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Old 01-10-2011, 02:51 PM
 
Location: San Antonio, TX, USA
5,142 posts, read 11,451,882 times
Reputation: 2505

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Quote:
Originally Posted by pburghfan View Post
Yea! I'm not alone, I found calculus easier than geometry or trig.
Cool! I loved Business Calculus. I'm taking accounting right now and a lot of the concepts from Bus. Cal. are helping me immensely, 6 years later.
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Old 01-10-2011, 05:22 PM
 
15,062 posts, read 19,642,227 times
Reputation: 12219
Quote:
Originally Posted by pburghfan View Post
Yea! I'm not alone, I found calculus easier than geometry or trig.
You are gonna have a hard time beating mine,
if you graduate with my major, you are 1 class short of having a minor in Math.
I tried to get a minor in Philosophy, until I took a senior level class and decided to ditch that idea.
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Old 01-10-2011, 05:37 PM
 
Location: Somewhere in the universe
2,161 posts, read 3,980,726 times
Reputation: 1432
Quote:
Kids in Junior High and High School are not exactly thinking about how they are going to be able to pay for college.
There should be a class in Junior High to teach kids all the things they need to know if they decide to go to college.
It really depends on what kind of high school you are going to. Some schools promote getting good grades and have better access to higher learning. Then there are those schools that really don't promote much unfortunately.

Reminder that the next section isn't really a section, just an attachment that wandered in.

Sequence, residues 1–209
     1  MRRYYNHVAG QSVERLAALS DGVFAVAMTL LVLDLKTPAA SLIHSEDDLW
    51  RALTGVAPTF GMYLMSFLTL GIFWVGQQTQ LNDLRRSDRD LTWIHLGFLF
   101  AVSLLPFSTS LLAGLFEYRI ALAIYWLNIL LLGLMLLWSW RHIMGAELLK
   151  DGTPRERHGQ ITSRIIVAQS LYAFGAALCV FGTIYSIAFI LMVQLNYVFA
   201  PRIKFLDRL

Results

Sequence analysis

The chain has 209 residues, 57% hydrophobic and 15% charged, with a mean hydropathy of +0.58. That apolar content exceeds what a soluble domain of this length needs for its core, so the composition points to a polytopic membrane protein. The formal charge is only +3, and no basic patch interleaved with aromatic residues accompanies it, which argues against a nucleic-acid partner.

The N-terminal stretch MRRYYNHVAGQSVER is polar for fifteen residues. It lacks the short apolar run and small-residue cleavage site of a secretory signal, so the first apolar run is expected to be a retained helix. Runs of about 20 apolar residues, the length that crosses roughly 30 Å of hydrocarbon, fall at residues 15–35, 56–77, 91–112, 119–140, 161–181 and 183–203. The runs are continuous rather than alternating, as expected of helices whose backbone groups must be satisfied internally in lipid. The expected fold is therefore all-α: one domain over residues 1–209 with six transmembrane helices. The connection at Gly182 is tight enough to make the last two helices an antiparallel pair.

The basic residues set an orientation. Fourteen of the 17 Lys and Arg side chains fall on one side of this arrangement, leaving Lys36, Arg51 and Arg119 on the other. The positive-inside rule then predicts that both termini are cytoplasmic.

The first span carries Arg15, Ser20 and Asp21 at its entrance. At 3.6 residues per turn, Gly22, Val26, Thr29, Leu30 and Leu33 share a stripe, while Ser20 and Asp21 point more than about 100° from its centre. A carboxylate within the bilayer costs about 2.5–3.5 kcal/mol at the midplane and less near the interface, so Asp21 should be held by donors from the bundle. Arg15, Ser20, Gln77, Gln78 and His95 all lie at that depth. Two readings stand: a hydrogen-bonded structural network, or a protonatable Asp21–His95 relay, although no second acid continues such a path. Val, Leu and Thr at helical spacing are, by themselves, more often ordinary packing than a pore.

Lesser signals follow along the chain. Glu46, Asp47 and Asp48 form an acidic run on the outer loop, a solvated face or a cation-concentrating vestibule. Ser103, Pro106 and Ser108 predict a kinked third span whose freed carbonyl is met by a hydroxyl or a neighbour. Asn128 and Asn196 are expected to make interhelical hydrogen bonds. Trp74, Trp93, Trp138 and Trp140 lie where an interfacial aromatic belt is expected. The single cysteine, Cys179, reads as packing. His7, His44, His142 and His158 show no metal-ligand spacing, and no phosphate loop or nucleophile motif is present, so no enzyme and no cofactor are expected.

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Old 01-10-2011, 08:18 PM
 
Location: That's pretty obvious
1,035 posts, read 2,078,233 times
Reputation: 950
Quote:
Originally Posted by Dopo View Post
You are gonna have a hard time beating mine,
if you graduate with my major, you are 1 class short of having a minor in Math.
I tried to get a minor in Philosophy, until I took a senior level class and decided to ditch that idea.

I loooooved philosophy and did really well in those classes. I would have majored in it, but then I thought...what the heck do you do with a degree in philosophy? Other than ponder why you don't have a job, of course...
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Old 01-10-2011, 10:13 PM
 
15,062 posts, read 19,642,227 times
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Quote:
Originally Posted by stoneoak View Post
I loooooved philosophy and did really well in those classes. I would have majored in it, but then I thought...what the heck do you do with a degree in philosophy? Other than ponder why you don't have a job, of course...
that's funny,
the last class I took was "Mind and robots" in which we talked everyday about whether or not robots will ever be able to think instead of just repeating what somebody told them.

It was a little too much for me.
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Old 01-11-2011, 10:15 AM
 
Location: That's pretty obvious
1,035 posts, read 2,078,233 times